The EU General Data Protection Regulation (GDPR), which came into force on 25 May 2018, brings in stricter requirements regarding how long personal data may be retained. Organisations will need to be more considered and disciplined in their retention of individuals personal data. This quick guide is designed to help understand retention principles.
What does the GDPR say about retaining personal data?
The emphasis under the GDPR is data minimisation, both in terms of the volume of data stored on individuals and how long it’s retained.
To summarise the legal requirements, Article 5 (e) of the GDPR states personal data shall be kept for no longer than is necessary for the purposes for which it is being processed. There are some circumstances where personal data may be stored for longer periods (e.g. archiving purposes in the public interest, scientific or historical research purposes).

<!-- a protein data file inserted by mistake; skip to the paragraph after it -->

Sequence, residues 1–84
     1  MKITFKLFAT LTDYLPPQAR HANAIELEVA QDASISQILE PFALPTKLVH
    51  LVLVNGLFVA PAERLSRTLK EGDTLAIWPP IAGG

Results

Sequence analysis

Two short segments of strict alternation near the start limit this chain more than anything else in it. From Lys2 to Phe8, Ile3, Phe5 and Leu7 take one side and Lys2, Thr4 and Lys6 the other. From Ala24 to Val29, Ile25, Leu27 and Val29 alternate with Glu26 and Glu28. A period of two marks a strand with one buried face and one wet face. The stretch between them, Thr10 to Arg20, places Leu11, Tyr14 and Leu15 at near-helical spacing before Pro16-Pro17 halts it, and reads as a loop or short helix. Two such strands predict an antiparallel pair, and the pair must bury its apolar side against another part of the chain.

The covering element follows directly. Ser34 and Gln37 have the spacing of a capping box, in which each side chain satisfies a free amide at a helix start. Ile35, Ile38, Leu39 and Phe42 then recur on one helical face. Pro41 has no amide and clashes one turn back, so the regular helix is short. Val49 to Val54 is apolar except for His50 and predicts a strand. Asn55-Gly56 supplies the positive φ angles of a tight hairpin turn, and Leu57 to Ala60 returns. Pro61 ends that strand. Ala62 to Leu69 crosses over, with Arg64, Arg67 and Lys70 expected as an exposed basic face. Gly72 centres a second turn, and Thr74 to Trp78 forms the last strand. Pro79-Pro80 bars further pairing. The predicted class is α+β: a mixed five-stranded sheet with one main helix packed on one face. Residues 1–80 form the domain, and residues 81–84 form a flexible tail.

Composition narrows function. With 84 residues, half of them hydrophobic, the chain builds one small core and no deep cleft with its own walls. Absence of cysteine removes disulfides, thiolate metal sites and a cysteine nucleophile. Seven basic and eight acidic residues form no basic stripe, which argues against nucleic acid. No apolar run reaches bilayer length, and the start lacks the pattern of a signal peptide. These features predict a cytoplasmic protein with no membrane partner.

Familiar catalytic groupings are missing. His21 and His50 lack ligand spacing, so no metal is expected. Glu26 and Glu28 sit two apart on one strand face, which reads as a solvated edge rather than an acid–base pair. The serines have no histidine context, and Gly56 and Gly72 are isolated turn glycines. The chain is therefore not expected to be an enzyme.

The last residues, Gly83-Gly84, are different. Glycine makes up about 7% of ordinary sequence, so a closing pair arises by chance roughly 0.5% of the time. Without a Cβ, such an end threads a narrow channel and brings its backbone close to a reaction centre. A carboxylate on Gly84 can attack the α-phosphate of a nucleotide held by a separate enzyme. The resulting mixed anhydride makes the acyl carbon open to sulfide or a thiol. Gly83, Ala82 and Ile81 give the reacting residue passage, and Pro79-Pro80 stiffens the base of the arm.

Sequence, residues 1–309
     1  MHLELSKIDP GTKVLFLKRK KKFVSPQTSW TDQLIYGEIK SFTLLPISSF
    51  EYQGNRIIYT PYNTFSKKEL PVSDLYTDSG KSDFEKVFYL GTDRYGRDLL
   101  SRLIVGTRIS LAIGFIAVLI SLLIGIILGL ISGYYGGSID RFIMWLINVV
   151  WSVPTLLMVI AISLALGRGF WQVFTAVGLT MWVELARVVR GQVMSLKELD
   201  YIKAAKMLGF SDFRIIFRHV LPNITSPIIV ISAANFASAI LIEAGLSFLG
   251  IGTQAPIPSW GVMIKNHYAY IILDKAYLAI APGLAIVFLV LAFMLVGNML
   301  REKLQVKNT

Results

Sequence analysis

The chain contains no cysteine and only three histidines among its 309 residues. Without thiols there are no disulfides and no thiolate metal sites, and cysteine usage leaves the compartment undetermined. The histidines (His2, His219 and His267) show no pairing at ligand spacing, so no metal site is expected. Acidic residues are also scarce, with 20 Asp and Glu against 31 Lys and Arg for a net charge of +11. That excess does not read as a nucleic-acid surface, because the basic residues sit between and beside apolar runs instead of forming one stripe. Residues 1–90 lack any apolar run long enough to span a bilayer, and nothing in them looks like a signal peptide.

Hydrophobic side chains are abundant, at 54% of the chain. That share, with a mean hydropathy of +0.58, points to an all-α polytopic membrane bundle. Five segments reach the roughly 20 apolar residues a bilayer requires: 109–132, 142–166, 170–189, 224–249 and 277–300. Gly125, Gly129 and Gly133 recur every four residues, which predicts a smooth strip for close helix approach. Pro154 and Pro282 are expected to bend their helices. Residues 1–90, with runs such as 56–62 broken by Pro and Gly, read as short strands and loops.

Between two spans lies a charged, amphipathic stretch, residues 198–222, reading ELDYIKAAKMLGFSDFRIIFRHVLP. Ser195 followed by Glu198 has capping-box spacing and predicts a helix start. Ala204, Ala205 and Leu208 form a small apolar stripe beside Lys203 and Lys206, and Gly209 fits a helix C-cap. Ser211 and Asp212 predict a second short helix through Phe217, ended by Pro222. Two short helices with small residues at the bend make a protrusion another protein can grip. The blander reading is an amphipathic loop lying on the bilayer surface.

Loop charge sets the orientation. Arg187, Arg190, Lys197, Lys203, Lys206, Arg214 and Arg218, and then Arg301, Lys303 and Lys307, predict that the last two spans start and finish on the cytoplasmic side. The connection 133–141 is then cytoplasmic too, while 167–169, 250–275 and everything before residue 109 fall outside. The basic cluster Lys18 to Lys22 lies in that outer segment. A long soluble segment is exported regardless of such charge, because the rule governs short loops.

Recital 39 of the GDPR states that the period for which the personal data is stored should be limited to a strict minimum and that time limits should be established by the data controller for deletion of the records (referred to as erasure in the GDPR) or for a periodic review.
Organisations must therefore ensure personal data is securely disposed of when no longer needed. This will reduce the risk that it will become inaccurate, out of date or irrelevant.
The information provided and the opinions expressed in this document represent the views of the Data Protection Network. They do not constitute legal advice and cannot be construed as offering comprehensive guidance to the Data Protection Act 1998 or other statutory measures referred to in the document.